Can I Still Sue Even If I’m Partially at Fault for My Injury?

The right to file a personal injury lawsuit when you are partially at fault for your own injury varies from one jurisdiction to another. A handful of states prohibit an injury victim from seeking compensation from another party if they played any role in causing the accident. Other states will allow a plaintiff to sue another party for an injury even when they are primarily at fault. Pennsylvania takes a compromise approach known as modified comparative negligence.

Understanding this legal standard is critical in many injury cases. Liability is not always clear, and in many cases demonstrating that a plaintiff was only partially at fault is as important as proving the defendant played a role in causing the accident. A Pittsburgh personal injury lawyer at Chaffin Luhana can assist you in showing a jury you played no role in causing your injuries.

Modified comparative negligence

The standard of modified comparative negligence allows a plaintiff to pursue monetary compensation for their injuries even when they are partially responsible for the accident. That said, a plaintiff may only recover compensation if they are not primarily at fault. This is informally known as the “51 Percent” rule. If a plaintiff is 51 percent or more responsible for their own injuries, they are barred from pursuing damages through a lawsuit. However, if they are 50 percent at fault or less, a plaintiff may pursue these damages.

There are other ramifications for a plaintiff if their responsibility is less than 51 percent. While state law allows a plaintiff to pursue compensation in this situation, it limits the maximum amount of compensation available in their case. In the modified comparative negligence standard, the jury must not only determine which party is at fault but also assign the degree of responsibility. If the plaintiff is less than 51 percent responsible, the jury must then reduce their total damage award by the degree of their liability.

Examples of shared fault

The concept of modified comparative negligence is best understood through examples. Consider the following example.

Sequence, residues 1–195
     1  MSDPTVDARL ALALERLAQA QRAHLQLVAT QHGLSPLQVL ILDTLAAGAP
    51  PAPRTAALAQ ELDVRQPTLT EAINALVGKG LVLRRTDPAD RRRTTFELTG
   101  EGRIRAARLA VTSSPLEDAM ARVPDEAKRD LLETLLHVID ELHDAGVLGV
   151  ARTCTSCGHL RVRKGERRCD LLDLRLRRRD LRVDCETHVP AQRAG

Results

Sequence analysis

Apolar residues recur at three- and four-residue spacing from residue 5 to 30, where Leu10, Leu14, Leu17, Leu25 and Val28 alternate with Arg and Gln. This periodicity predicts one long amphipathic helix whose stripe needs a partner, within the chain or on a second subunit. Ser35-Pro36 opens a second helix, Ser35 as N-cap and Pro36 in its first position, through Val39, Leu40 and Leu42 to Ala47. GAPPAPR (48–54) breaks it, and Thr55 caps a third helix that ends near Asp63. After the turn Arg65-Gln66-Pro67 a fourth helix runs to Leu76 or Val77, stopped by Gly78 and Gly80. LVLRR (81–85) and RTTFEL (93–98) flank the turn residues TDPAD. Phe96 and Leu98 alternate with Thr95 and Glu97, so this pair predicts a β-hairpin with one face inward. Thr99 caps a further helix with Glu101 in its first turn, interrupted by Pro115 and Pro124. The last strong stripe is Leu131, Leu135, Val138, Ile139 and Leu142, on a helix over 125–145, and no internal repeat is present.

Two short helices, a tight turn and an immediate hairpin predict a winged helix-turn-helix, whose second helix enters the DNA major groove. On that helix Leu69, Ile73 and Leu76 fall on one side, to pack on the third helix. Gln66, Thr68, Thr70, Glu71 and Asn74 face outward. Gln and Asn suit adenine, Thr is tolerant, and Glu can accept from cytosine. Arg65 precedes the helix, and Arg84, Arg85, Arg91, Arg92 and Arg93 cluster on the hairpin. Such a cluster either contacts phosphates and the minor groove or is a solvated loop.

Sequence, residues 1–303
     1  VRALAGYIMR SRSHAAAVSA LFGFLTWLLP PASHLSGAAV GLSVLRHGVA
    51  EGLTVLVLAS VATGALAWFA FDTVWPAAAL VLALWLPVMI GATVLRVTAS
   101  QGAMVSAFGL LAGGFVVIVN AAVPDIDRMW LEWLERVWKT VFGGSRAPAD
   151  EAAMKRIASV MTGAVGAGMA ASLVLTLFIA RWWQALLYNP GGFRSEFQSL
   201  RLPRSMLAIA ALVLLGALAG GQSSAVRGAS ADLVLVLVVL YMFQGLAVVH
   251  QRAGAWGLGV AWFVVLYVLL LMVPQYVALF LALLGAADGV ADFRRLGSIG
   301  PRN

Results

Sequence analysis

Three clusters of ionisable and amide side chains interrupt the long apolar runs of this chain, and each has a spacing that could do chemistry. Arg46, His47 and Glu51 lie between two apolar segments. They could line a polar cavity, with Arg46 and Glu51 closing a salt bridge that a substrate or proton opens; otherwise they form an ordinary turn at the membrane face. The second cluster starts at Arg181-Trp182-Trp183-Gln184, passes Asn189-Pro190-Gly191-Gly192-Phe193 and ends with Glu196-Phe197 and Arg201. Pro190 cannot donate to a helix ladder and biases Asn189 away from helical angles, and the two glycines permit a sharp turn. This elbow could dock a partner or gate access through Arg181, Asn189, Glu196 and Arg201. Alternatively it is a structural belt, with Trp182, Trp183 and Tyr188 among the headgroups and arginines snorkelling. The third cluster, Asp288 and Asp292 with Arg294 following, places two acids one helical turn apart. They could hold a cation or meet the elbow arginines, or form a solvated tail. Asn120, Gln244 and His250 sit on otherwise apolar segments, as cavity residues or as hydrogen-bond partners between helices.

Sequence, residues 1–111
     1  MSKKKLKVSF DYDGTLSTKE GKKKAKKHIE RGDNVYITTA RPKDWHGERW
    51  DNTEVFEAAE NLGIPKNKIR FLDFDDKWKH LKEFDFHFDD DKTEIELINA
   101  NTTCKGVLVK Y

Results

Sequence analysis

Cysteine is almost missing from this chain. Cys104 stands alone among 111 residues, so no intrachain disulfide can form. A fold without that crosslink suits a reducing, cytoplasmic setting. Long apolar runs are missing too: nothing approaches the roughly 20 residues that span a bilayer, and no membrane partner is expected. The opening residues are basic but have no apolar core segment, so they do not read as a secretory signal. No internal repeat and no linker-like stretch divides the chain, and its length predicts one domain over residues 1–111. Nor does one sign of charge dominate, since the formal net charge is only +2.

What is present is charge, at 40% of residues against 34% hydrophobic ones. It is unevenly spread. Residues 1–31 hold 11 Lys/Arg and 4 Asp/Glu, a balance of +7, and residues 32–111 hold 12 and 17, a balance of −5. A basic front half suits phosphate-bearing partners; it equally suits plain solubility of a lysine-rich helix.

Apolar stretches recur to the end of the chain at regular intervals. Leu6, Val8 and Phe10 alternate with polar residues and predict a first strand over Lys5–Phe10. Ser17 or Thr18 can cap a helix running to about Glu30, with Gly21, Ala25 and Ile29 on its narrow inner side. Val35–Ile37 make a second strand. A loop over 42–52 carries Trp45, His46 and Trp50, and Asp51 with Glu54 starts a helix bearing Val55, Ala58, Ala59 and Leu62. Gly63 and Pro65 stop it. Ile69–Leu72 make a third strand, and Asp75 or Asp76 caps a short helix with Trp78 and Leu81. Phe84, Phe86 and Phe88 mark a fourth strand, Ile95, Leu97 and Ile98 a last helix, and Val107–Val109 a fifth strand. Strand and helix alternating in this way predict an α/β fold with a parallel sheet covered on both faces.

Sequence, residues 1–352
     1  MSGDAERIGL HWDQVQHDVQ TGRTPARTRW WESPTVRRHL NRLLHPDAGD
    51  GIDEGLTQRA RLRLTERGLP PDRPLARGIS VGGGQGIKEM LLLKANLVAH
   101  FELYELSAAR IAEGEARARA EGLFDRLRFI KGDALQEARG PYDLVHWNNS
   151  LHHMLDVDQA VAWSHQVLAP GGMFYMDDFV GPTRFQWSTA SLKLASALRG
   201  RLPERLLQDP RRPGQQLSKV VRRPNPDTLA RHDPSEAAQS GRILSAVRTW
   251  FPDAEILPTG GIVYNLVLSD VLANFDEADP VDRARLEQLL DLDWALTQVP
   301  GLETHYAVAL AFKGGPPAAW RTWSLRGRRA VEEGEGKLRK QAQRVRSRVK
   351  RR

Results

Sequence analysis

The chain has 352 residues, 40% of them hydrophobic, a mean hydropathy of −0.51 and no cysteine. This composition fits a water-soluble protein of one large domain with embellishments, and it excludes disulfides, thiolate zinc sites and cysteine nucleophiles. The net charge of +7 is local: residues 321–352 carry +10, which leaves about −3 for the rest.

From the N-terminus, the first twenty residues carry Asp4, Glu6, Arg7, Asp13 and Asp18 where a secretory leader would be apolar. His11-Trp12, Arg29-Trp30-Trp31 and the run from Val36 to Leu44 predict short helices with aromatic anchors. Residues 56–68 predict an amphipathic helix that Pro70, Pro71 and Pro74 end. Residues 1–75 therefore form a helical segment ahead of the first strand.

Two drivers are approaching each other on a narrow, curved road. Driver A is speeding, while Driver B has crossed over the centerline. The two vehicles collide, and Driver A has suffered severe injuries. Whether or not Driver A is entitled to compensation depends on whether the jury determines if their degree of liability is below 51 percent.

The jury will then hear arguments from both sides during the trial. While Driver B was negligent by crossing over the centerline, Driver A could also be at fault due to traveling at an unsafe speed. After deliberation, the jury determines Driver A has received a total of $100,000 worth of damages in the crash. They also determine that Driver A was 25 percent at fault, and Driver B was 75 percent at fault. This requires the jury to reduce their award of damages by 25 percent. The end result is an award of $75,000 to Driver A.

How an attorney could help

In many injury claims, the defendant will admit to some degree of responsibility for causing an accident. That does not mean that compensation is ever guaranteed. In many cases, a defendant could allege that while they played a role, the plaintiff was ultimately the primary cause of the accident.

At Chaffin Luhana, we have extensive experience taking on cases with disputed liability. Our thorough approach to these claims allows us to investigate every aspect of an accident and determine its causes. If you have questions about your claim, Chaffin Luhana has the answers. Schedule a free consultation right away.